Feed the chickens daughter Velma,
So the hens may go and lay;
They've been shut up, loudly calling
For their feed since break of day.
This is sure a lovely morning-
Almost like the month of May.
And I think we'll go a chipping
O'er the pastures far away.
Elsie help me hitch the horses
You're a good girl for such things
I do like a child that's helpful.
Who while working often sings,
Is there fuel in the wood box?
Mamma wants to bake today.
While the rest of us are chipping
On the prairie far away.
Lead the horses first to water,
While I let the cattle through.
Trix goes always on the gee side.
Watch! that colt don't kick at you
Ah, that naughty little sorrel
Thinks he'll go along and stay,
With the team while we are busy
Chipping on the plains today.
Curlie, you stay home with Mamma
Keep the range cows from the door
Drive away the hawks and coyotes,
That is what we've got you for.
If she'd go with us she'd only
Chase jack rabbits, and in vain,
Catching none, while we are busy
Chipping on the level plain.
Here we go now see us travel.
As we swiftly ride along.
Meadow larks are singing loudly
Everywhere their sweetest song
In the distance herds of cattle
And of horses may be seen.
As we go this lovely morning
Chipping where the grass is green.
See that mirage over yonder.
Where the level pastures break.
Stretching out three miles or over.
Looking like a crystal lake.
Cattle standing in the water
With their shadows up side down.
Weeds and tall grass showing double.
Look like little islands brown.
Tell you as to what is mirage?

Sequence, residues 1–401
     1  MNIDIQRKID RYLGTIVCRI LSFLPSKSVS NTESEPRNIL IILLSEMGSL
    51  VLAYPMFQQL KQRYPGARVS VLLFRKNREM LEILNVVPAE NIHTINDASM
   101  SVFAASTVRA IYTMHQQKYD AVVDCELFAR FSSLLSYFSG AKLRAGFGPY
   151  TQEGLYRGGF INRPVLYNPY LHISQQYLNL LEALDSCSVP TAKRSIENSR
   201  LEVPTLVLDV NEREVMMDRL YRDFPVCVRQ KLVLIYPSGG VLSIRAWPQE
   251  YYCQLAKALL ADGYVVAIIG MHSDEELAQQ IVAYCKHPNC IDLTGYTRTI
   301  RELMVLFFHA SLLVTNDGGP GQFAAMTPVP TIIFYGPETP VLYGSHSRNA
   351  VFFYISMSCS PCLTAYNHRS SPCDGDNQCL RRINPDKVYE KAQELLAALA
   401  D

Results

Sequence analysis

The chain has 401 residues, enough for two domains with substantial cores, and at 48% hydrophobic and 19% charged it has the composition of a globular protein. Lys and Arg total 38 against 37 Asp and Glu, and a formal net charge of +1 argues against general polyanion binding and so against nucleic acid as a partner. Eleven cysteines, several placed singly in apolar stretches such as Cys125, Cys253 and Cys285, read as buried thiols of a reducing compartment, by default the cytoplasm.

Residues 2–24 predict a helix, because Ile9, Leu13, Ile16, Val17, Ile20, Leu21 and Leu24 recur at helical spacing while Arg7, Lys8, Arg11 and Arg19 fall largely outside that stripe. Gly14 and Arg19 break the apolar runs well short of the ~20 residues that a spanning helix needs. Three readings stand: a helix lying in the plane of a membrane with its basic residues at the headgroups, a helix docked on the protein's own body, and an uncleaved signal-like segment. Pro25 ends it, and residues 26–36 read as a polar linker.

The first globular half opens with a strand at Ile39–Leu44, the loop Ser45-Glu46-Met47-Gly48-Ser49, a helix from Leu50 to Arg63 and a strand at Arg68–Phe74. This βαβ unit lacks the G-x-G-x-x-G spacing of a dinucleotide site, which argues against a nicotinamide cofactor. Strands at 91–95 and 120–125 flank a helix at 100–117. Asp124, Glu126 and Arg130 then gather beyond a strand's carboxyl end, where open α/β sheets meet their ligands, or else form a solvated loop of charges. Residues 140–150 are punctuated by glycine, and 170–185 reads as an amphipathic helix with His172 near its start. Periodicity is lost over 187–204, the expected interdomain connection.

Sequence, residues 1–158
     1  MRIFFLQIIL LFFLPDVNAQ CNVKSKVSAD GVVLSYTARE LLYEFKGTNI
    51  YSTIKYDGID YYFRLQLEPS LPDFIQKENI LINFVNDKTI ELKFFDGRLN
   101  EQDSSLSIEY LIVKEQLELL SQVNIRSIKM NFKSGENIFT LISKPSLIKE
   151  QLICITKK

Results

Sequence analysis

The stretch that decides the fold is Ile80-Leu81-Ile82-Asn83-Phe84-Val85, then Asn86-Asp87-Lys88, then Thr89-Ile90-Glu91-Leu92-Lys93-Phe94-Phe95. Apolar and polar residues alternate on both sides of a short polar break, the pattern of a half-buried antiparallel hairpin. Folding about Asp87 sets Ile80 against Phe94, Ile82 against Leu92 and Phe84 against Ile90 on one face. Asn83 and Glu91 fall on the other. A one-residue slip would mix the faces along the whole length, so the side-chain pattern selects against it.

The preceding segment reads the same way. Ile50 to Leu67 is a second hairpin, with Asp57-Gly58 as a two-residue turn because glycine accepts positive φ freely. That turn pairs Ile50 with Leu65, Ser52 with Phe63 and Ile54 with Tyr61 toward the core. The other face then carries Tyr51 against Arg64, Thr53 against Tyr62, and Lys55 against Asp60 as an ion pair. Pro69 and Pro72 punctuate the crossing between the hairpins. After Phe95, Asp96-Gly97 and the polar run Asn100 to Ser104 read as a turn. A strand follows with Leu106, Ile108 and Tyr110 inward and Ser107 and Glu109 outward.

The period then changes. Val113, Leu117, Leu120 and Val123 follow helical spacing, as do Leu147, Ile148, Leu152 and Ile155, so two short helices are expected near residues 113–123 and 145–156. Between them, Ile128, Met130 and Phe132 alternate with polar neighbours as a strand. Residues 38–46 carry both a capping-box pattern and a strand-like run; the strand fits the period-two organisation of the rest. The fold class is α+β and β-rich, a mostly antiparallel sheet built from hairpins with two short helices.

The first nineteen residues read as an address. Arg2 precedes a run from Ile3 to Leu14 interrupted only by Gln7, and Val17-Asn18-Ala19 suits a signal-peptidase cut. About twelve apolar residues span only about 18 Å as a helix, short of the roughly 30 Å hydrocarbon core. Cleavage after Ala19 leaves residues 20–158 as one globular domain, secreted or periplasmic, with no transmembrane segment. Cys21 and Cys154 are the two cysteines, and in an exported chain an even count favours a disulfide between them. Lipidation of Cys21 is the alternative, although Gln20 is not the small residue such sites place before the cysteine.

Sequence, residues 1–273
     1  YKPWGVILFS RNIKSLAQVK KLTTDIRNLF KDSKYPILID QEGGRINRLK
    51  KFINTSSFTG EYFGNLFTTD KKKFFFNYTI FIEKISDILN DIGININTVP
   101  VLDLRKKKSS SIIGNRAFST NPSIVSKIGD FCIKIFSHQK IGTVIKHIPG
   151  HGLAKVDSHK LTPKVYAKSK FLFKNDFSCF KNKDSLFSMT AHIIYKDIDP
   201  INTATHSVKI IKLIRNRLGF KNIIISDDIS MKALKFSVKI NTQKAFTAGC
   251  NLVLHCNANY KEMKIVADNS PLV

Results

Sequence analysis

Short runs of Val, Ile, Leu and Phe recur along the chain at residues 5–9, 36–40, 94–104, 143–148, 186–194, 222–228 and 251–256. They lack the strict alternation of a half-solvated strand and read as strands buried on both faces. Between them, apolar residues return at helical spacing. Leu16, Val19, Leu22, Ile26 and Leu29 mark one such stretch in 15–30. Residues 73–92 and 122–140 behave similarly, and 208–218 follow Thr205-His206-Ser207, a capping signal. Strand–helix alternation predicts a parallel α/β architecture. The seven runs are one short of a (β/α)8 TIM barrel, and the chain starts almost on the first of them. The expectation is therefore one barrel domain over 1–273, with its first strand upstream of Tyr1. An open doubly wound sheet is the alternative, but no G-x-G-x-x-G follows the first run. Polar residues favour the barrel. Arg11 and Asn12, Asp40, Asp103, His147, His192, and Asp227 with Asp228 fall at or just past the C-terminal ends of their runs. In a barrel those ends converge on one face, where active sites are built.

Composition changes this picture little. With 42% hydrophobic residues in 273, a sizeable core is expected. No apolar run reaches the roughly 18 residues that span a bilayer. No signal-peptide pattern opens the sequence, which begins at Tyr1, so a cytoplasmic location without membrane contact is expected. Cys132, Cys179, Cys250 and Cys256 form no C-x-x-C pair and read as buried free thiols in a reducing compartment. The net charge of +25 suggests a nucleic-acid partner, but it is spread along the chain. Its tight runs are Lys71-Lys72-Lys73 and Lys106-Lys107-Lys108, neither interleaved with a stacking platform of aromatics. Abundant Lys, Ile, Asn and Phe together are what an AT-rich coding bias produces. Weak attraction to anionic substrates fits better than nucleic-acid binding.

That's a thing I cannot do!
But there is an Indian legend,
Which I will relate to you.
This vast plain was once an ocean
Where sea monsters lived an died
Level slopes and rolling sand hills
Thus were formed by waves and tide.
Water relics are yet picked up
Where the red man's camp fire burned
And the mirage in the legend,
Is the ocean's ghost returned.
Fleeing as we go toward it.
Baseless as the evening shade
Fleecy clouds and like the rainbow
Fair to see but quickly fades.
I admire this short grass country.
Tis the best place I have found.
There are vacant quarter sections
Smooth and fertile lying round.
Looking like a blue grass meadow
And to own them one but gives
What would but a lot in grave yards
Back East where your Grandpa lives.
I admire these Kansas coal fields
As compared with splitting wood
Like I used to do while renting
Back where heavy timber stood.
Children mine I'll tell you something
Of the way I used to do
Years before we came to Kansas
To this land so strange and new.
In the stormy days of winter
In the cold and in the rain.
In the snow drifts by the rail fence
In the deep mud of the lane
Carried I the ax and crosscut
Maul and sledge and trudge along
To the woods among the tree tops.
Where the cutters skilled and strong
Had cut down tall trees for saw logs
There I did the best I could.
With my old one handled crosscut.
Saw and ax a making wood.
Then I've got out with the wagon
Through the woods and over logs.
Driving through small ponds of water
Noisy with the croak of frogs.
With one hub fast on a sapling
And all four wheels in the mire.
Thus it was in Indiana
Hauling wood to keep a fire.
Now its time to stop the wagon.
Here is what we're looking for,
Cow Chips, dry and oh! so plenty,
Won't they make the cook stove roar!
Now, lets fill the wagon quickly,
Then we all will home ward go,
Counting this days work a picnic
Chipping where the wild flowers grow.